ISRO’s Spectacular Quantum Jump On Free-Space Communication

Lalit Koundaal


Quantum Communication has attracted researchers from physics, mathematics & computer science since 1984 and 1991 when the first protocol for quantum cryptography came into existence.

Indian Space Research Organisation (ISRO) late last week (19 Mar 2021) went ahead in demonstrating free-space quantum communication over a distance of 300 meters. The demonstration took place at Space Application Centre (SAC), Ahmedabad between two buildings having a clear line of sight (i.e obstruction-free).


In this age of top-notch technologies, the internet and smartphone revolutionizing the entire world, every now & then there are reports of news on mega hacks, of losing a huge amount of sensitive pieces of information.

There are threats posed by cyberattacks and Governments, regulatory authorities, Militaries, aerospace companies, and business houses are all wanting to have more secure ways of transmitting the information.

Today, the sensitive data is typically encrypted and then sent across fiber-optic cables with digital keys. Now, the hackers can always hack the data without leaving a trace.

Quantum communication has taken the advantage of the laws of quantum physics to safeguard data. These laws allow particles, typically photons of light, known as quantum bits or qubits for data transmission.

The hackers are going to find it difficult to steal information because the super-fragile quantum starts collapsing to either 0 or 1, sending alert signals and transmission of information would be stopped immediately.

Some companies have created networks for transmitting highly sensitive data based on the process called Quantum Keys Distribution, or QKD. These networks are called ultra-secure.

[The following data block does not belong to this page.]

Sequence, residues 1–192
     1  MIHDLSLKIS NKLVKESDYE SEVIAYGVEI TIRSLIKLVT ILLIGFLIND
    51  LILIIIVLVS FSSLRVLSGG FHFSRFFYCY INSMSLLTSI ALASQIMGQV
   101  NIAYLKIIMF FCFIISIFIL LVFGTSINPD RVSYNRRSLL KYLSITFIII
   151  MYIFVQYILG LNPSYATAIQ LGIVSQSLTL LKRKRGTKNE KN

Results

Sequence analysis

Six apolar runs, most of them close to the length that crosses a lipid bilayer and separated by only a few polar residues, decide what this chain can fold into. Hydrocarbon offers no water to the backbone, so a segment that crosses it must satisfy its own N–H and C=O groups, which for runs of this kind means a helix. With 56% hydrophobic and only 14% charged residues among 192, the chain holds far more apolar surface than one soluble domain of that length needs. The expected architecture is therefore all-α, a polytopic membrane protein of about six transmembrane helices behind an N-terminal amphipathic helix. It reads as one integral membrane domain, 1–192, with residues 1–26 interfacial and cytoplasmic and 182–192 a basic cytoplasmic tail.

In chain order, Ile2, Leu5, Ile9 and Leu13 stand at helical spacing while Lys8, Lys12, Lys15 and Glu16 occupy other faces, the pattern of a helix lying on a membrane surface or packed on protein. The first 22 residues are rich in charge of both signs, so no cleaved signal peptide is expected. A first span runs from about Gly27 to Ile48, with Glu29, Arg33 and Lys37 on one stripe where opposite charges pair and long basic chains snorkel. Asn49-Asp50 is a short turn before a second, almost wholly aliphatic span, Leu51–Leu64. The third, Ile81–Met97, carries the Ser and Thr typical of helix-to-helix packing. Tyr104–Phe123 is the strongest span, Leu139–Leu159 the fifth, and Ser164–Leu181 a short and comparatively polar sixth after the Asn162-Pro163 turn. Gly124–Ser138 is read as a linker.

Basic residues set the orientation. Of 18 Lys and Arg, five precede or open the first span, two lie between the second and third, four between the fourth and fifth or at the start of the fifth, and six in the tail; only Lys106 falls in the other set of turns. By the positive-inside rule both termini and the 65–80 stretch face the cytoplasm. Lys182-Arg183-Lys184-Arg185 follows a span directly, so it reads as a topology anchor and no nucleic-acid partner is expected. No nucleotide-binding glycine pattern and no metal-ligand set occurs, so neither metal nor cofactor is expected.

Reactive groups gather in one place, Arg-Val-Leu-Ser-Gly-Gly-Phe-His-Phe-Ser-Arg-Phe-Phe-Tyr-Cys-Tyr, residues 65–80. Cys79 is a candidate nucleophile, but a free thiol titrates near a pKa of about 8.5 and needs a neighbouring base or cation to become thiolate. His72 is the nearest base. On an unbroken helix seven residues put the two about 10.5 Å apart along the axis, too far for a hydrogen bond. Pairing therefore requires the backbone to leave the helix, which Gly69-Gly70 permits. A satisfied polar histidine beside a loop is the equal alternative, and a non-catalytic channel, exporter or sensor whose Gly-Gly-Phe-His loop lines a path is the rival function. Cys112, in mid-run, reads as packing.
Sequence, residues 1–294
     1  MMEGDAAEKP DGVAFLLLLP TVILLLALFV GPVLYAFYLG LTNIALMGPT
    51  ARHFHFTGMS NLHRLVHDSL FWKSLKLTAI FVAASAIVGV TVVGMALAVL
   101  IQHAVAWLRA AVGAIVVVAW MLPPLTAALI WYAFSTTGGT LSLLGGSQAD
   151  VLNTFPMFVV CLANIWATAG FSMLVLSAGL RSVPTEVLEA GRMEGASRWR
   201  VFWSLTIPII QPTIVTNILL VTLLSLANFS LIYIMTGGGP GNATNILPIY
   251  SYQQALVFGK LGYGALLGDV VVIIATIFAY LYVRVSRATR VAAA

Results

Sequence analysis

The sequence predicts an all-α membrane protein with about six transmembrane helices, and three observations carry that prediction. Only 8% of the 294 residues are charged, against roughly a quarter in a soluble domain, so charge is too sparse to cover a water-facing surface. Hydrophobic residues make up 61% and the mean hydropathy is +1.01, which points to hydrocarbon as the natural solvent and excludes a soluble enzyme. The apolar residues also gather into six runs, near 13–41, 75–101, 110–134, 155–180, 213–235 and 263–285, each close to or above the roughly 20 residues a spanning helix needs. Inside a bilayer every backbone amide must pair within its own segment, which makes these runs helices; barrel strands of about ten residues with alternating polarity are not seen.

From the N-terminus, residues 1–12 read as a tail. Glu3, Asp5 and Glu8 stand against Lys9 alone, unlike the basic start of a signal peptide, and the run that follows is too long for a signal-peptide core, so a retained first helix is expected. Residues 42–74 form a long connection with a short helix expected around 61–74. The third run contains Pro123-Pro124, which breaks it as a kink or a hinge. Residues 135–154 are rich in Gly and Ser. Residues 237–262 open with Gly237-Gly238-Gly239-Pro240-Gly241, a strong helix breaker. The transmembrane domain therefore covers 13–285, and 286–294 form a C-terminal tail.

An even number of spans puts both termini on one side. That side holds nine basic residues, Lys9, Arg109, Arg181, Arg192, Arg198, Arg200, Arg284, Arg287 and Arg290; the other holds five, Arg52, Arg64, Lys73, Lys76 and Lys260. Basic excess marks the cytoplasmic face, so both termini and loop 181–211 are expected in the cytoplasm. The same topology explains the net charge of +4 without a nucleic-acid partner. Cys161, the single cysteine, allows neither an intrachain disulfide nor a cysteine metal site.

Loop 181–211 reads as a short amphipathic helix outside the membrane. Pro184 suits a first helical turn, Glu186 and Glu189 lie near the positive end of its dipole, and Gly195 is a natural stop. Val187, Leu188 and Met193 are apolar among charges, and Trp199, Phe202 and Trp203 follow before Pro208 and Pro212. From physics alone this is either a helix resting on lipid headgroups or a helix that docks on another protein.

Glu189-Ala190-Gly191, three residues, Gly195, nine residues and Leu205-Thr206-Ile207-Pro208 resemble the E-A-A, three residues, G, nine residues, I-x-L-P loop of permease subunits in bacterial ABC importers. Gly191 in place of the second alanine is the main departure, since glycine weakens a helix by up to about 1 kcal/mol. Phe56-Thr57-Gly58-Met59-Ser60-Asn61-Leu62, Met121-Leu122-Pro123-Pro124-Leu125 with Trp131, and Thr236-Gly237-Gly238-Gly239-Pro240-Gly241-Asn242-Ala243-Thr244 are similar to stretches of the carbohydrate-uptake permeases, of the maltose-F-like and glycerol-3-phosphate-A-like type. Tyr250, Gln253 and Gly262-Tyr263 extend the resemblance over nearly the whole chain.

IRSO’s Quantum Jump

Indian Space Research Organisation(ISRO) demonstration on free-space quantum communication is major mile-stone development for unconditionally secured satellite data communication using quantum technology.

To avoid interference from direct sunlight, the experiment was conducted at night. The live videoconferencing using quantum-key-encrypted signals was also part of the demonstration.

Many key indigenously developed technologies which included ‘NAVIC’ receiver for time synchronization between the transmitter and receiver modules and gimbal mechanism systems instead of bulky large-aperture telescopes for optical alignment were used to accomplish this major feat.

IRSO  plans to extend the Quantum Key Distribution (QKD) technology to satellites and call it Satellite-Based Quantum Communication (SBQC). To do so IRSO is gearing up to demonstrate the technology between two Indian Ground Stations.

Government Of India initiatives

India’s Department of Science & Technology has set up a program called Quantum-Enabled Science & Technology (QuEST). This is being described as Phase 1 of India’s quantum computing program. The country will be laying out the basic infrastructure that is needed to promote research in this field and will infuse a sum of Rs 80 Crore in three years to help & put the research on a fast track.

The government of India believes this will help in improving the state of national security as quantum-level encrypted information becomes a common communication standard.

Under this flagship program, researchers from institutions such as the Indian Institute of Science (IISC), the Indian Space Research Organisation, and Tata Institute of Fundamental Research, are working on quantum computing and allied areas, including quantum-safe cryptography and quantum communication.


Amongst its plentiful fascinating attributes, quantum communication has the potential to achieve secure communications at confidence levels, simply unattainable in classical communications settings. This is because quantum physics introduces a range of phenomena that have no counterpart in the classical domain, such as quantum entanglement and the superposition of quantum states.

The next communication experiment from ISRO is not going to be for 300 meters but a full-fledged experiment using satellites and a compatible set on the earth which is sure to herald a new era in technology advancement.

The space applications programs are not to conquer the vast space around us, but to safeguard the earth where we live and make future communications hack-proof & eavesdrop-proof.



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